Forum for Science, Industry and Business

Sponsored by:     3M 
Search our Site:

 

Success of electrical treatment for tumor removal

14.02.2007
A potential breakthrough in minimally invasive surgical removal of tumors has been demonstrated using an innovative technique involving microsecond electrical pulses that can punch permanent nanoscale holes in the membranes of targeted cells without harming adjacent healthy tissue.

The technique, known as irreversible electroporation (IRE), was developed by a research team headed by Boris Rubinsky, currently on leave as professor of bioengineering and mechanical engineering at the University of California, Berkeley, and now head of the Center for Biomedical Engineering in the Service of Humanity and Society at the Hebrew University of Jerusalem. The success of a large-scale study on pigs who were treated using the technique is described in the February issue of the journal Technology in Cancer Research and Treatment.

"I've been working in this area of minimally invasive surgery for 30 years now," said Rubinsky, lead author of the paper in the journal. "I truly think that this will be viewed as one of the most important advances in the treatment of tumors in years. I am very excited about the potential of this technique. It may have tremendous applications in many areas of medicine and surgery."

Rubinsky co-authored the paper with Dr. Gary Onik, director of surgical imaging at Florida Hospital Celebration Health. They founded the Oncobionic Company two years ago to commercialize IRE. Oncobionic is in the process of being sold to AngioDynamics, a New York-based manufacturer of medical devices for minimally invasive surgery.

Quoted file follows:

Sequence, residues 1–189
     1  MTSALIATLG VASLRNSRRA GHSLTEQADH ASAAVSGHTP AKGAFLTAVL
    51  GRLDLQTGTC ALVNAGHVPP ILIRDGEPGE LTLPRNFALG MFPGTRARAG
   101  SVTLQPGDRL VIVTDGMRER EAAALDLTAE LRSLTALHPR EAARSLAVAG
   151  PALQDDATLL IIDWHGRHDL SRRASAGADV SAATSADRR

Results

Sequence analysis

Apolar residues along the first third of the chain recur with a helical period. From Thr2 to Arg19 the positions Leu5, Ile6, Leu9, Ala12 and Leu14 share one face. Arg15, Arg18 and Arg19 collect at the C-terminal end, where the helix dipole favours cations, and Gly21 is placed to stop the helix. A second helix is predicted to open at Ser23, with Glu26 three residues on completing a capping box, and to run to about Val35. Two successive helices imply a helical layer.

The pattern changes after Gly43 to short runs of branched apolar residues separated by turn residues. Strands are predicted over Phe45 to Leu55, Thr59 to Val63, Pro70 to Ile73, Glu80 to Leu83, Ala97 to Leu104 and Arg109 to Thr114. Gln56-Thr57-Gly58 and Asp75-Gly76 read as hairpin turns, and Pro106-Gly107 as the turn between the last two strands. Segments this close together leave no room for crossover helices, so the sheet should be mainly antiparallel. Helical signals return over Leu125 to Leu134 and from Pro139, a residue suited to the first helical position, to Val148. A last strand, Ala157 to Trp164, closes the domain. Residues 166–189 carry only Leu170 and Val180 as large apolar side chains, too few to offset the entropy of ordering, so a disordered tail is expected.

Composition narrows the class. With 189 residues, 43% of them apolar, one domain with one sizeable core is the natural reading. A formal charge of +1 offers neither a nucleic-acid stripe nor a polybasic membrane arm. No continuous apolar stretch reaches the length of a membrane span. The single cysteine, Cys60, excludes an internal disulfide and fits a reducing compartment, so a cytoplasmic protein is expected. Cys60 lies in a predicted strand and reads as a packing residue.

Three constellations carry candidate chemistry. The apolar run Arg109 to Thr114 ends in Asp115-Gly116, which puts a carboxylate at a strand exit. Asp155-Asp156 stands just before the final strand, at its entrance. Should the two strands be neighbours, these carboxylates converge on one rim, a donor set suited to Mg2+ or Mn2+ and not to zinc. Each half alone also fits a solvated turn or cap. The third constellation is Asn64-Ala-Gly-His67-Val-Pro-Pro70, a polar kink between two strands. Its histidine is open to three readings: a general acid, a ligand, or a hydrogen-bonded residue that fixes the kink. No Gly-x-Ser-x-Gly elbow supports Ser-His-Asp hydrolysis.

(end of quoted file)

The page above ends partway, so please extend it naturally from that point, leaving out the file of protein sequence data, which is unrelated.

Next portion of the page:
It was first reported in the early 1970s that the application to cells of very fast electrical pulses – in the microsecond and millisecond range – creates an electrical field that causes nanoscale pores to open in the cell membrane (electroporation). But research since then has mainly focused on reversible electroporation, which uses voltages low enough to temporarily increase the cell membrane's permeability. The holes in the cell membrane created by reversible electroporation close up shortly after treatment, allowing the cell to survive.

“This concept of reversible electroporation really caught on in modern biotechnology, especially over the last decade," said Rubinsky. "It is used primarily to help get genes and drugs into cells (but is not effective in killing “target” cells directly). The field of irreversible electroporation was pretty much forgotten."

Irreversible electroporation uses electrical pulses that are slightly longer and stronger than reversible electroporation. With IRE, the holes in the cell membrane do not reseal, causing the cell to die. IRE utilizes a range of electrical current that causes permanent damage to cell membranes without generating heat and thermal damage.

The advantage to this, say the researchers, is that IRE overcomes the limitations of current minimally invasive surgical techniques that use extreme heat, such as hyperthermia or radiofrequency, or extreme cold, such as cryosurgery, to destroy tumorous cells. They point out that this type of temperature damage to cells also causes structural damage to proteins and the surrounding connective tissue. For liver cancer, for example, the bile duct is at risk for damage. For prostate cancer, the urethra and surrounding nerve tissue is often affected.

Irreversible electroporation, on the other hand, acts just on the targeted cell membrane, leaving collagen fibers and other vascular tissue structures intact. The researchers said that leaving the tissue's "scaffolding" in place in this manner allows healthy cells to regrow far more quickly than if everything in the region were destroyed.

In the new study, the researchers set out to demonstrate that the IRE technique could produce reliable and predictable results in a large animal model. They performed the IRE surgical technique on 14 healthy female pigs under general anesthesia, using the same procedures as if the patients were human.

They showed that selected cell membranes were destroyed, while untargeted adjacent tissue healed remarkably quickly. Although the tissue chosen for destruction in this study was healthy, the researchers found in a prior cell culture study that IRE effectively kills human liver cancer tissue.